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May 17, 2014 10:34 AM EDT

There May Be No Such Thing As A 'Universal' Intelligence Test

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There may be no such thing as a "universal" intelligence test, according to a recent study.

New research from scientists at the University of Granada in Spain suggests that a universal test of intelligence quotient does not exist.  Results in this type of test are determined to a strong degree by cultural differences.

For the study, scientists from the University of Grnada's Brain Mind and behavior Research Center conducted a study of 54 individuals aged between 18 and 54 years: 27 were Spanish and the other 27 were Moroccans residing in Spain. The groups were selected to ensure that clear cultural differences existed between them: they spoke different languages (Spanish versus Arabic), professed different religions (Christians versus Muslims), had different traditions, and came from very different geographical contexts (Europe versus Africa).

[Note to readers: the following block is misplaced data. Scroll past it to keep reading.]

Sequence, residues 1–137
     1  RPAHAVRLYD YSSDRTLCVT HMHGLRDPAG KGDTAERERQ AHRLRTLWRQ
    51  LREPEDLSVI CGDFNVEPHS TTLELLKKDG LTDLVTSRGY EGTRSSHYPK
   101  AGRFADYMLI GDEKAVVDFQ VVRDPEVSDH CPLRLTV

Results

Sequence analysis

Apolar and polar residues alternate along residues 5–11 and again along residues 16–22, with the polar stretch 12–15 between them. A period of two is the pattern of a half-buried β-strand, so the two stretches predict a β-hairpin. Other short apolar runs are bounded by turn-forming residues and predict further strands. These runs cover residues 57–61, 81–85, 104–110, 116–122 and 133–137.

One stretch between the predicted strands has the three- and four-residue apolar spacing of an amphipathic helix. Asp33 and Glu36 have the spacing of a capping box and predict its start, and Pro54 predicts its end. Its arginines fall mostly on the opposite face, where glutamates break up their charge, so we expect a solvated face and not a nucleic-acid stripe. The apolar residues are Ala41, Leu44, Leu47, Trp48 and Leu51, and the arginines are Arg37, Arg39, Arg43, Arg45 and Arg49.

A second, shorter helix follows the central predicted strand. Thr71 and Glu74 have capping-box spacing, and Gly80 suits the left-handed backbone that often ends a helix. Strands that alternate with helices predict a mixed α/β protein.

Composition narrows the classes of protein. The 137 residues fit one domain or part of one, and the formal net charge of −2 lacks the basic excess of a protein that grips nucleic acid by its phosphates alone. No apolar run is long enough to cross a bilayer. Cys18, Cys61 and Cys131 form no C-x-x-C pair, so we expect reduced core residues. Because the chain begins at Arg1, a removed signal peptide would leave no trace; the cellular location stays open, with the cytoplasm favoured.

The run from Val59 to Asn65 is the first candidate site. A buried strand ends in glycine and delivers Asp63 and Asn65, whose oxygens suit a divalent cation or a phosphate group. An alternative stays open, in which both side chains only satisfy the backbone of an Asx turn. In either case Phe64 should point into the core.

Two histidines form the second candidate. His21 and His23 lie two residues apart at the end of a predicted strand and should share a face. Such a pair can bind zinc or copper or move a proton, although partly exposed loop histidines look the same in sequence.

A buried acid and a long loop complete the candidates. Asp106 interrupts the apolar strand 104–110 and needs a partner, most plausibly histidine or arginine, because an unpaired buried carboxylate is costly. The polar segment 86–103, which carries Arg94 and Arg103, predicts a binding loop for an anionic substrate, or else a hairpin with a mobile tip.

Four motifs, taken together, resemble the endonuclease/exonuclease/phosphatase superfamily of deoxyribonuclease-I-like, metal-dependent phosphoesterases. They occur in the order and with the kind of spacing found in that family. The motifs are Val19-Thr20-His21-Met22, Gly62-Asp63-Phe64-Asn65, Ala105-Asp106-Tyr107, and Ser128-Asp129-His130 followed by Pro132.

During the study, both groups underwent different tests of intellectual capacity: for example, a test of non-verbal intelligence, and various neuropsychological tests that measure functions such as visual memory and executive functions.

Despite the two groups being similar in terms of sex, educational level and socio-economic status, the results showed that in the test of non-verbal intelligence, the Spanish group obtained a higher IQ score than the Moroccan group. Moreover, the neuropsychological skills used in each subtest were clearly dependent on the country of origin of each participant. In other words, the same test can measure different cognitive functions in individuals from different cultures.

In the light of the results of this study, the authors suggest that the non-verbal tests cannot be considered culture-free and confirm the importance of validating the tests in their cultural context.

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